DIRECTOR Sean Hogan WRITER Sean Hogan STARS Billy Clarke; Jack Gordon; Jonathan Hansler DVD Now

Billy ClarkeSometimes it is the smaller, unassuming packages that surprise, and The Devil’s Business is one such pleasurable example, a shoestring budget and somewhat hammy acting belying an insidiously creepy effect.

It is a simple premise: two hitmen, one an experienced professional, the other his distracted apprentice, are sent on what ought to be a standard job. Quietly letting themselves into the target’s house, they find the skinned head of an animal on an altar, indicating some black art tendencies on his part. Cully (Jack Gordon), the younger of the pair, is startled by this, but Pinner (Billy Clarke) has seen it all and only cares for clean efficiency. Even he, however, is thrown by evidence of full-blown rituals in the shed, and when Kist (Jonathan Hansler), their target, arrives unexpectedly early, all hell breaks loose.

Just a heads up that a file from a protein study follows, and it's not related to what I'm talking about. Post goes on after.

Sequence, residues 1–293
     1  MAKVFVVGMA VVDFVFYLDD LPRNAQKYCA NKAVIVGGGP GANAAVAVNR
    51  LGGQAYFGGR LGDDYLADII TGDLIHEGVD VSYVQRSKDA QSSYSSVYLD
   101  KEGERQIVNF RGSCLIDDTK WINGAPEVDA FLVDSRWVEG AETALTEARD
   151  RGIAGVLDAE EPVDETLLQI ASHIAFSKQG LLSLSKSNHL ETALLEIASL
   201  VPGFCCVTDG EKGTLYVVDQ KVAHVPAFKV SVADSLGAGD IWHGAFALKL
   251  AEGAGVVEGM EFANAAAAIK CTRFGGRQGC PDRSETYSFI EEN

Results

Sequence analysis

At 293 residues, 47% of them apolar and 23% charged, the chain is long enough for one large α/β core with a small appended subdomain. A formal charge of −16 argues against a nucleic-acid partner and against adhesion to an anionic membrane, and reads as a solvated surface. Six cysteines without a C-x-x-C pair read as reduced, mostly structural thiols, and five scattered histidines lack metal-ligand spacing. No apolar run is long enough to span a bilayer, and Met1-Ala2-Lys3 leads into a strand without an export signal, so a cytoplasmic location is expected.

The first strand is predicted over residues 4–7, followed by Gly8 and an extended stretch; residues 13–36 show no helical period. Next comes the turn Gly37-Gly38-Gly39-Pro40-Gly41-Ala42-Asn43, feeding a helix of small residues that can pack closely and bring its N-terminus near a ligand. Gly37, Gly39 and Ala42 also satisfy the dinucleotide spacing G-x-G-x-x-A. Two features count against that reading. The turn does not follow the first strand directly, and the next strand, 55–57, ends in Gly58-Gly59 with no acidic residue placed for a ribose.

It is a hell that breaks loose quietly, which is what truly makes The Devil’s Business. This is a film that tells its story almost entirely by dialogue, essentially hanging itself over just two monologues. Gory moments are therefore kept to a minimum and when they do appear, are only presented in the aftermath — likely due to monetary restraints, but this complements the understatement of this chamber-piece number. It is unfortunate that the final reveal is not quite so underplayed, the sheer badness of the prosthetics robbing the impact a little.

But only a little. The Devil’s Business had meted its tension effectively, and a convincingly unsettling performance from Jonathan Hansler as the man who has done a deal with the Devil himself, ties this all up rather neatly. It’s a film that certainly has flaws, writer/director Sean Hogan’s strengths more in the former than the latter, but the writing is of quality enough to carry the rest.

Posted by Naila Scargill

Naila is the founder and editor of Exquisite Terror. Holding a broad editorial background, she has worked with an eclectic variety of content, 
ranging from film and the counterculture, to political news and finance. She is the Culture Editor at Trebuchet, and generally gets around.